Stock information

Criterion score: 1 info

Brown crab is widely distributed in coastal waters of the Mediterranean, Atlantic, English Channel and North Sea. CEFAS defines five Crab Fishery Units for England and publishes stock status reports for each area every 2 years.

In the latest stock assessment (2019), fishing mortality (F) of brown crab in the Southern North Sea is high for both males and females and, although stable, is above both the level required for maximum sustainable yield (MSY) and the maximum reference point limit.

Spawning stock biomass (SSB) has been increasing in recent years for both males and females and is now above the minimum reference point for both sexes, however, it remains below the MSY target for biomass. CEFAS suggest that there has been a recent expansion in fishing activity in the Southern North Sea, both in terms of pot numbers and distribution. This may be partly responsible for an increase in landings in the area which the biomass model interprets as an increase in spawning stock. Therefore, the spawning stock data must be treated with caution.


Criterion score: 0.75 info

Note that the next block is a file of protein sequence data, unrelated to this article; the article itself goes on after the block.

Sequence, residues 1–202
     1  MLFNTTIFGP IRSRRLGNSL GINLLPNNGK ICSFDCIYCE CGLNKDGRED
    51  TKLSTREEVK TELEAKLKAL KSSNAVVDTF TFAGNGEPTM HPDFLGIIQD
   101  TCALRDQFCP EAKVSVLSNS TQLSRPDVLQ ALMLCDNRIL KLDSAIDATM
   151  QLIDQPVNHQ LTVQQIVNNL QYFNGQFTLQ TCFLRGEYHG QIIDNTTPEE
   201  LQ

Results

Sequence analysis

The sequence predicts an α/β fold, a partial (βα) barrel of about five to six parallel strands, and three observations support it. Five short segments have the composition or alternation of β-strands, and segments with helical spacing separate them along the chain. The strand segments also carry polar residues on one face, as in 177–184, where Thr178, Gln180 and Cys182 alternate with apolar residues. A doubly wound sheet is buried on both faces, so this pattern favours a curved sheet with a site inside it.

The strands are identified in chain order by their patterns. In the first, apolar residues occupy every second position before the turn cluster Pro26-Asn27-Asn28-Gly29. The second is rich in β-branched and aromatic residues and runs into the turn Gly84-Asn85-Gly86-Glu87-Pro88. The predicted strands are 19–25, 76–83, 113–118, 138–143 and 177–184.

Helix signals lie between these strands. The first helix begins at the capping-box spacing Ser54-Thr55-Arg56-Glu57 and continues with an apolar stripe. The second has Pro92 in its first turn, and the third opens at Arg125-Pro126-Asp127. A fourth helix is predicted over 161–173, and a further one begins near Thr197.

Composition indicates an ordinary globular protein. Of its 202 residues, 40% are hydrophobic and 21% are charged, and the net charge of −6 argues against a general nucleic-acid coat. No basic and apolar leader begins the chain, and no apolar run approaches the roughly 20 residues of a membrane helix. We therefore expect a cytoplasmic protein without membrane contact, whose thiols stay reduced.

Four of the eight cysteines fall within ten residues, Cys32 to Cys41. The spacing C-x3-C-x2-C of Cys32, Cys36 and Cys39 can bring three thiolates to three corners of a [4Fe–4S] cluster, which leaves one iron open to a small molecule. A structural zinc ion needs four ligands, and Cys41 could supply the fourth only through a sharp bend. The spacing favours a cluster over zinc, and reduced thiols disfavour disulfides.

This assessment is for the brown crab fishery in the Eastern Inshore Fisheries and Conservation Authority (IFCA) district. Management measures in place for this fishery are currently not effective in managing the stock. EIFCA initiated a Crustacean stock assessment project in 2013 and every year, EIFCA produces stock assessments for the brown crab population in their district. In 2020, EIFCA have also taken an Adaptive Risk Management approach to manage potting in the Cromer Shoal Marine Conservation Zone which may lead to future improvements in management.

All vessels registered in the UK must have a domestic fishing vessel license to fish within the UK EEZ for sea fish that will be sold. No new licenses are being issued. All commercial vessels under 10m, with a shellfish license, are required to complete Monthly Shellfish Activity Return (MSAR) forms for the Marine Management Organisation (MMO). These must include the catch and retained weight each day along with the date, name of the vessel, vessel registration number, gear type, area and port of landing. All vessels over 10m do not need to complete MSAR as they will be completing an EU logbook of catches. For all vessels, effort is reported as days fished, and not as pots fished. In the Eastern IFCA district, there are no vessel length restrictions in place and you do not need a permit to fish commercially for crabs and lobsters. Eastern IFCA are planning to introduce a permit byelaw to allow them to better understand fishing activity.

Crab and lobster fisheries are not limited by EU Total Allowable Catch (TAC) regulations or national regulations, and therefore are not limited in the number of crabs they can take. Eastern IFCA has also not introduced a pot limit for crab and lobster fisheries.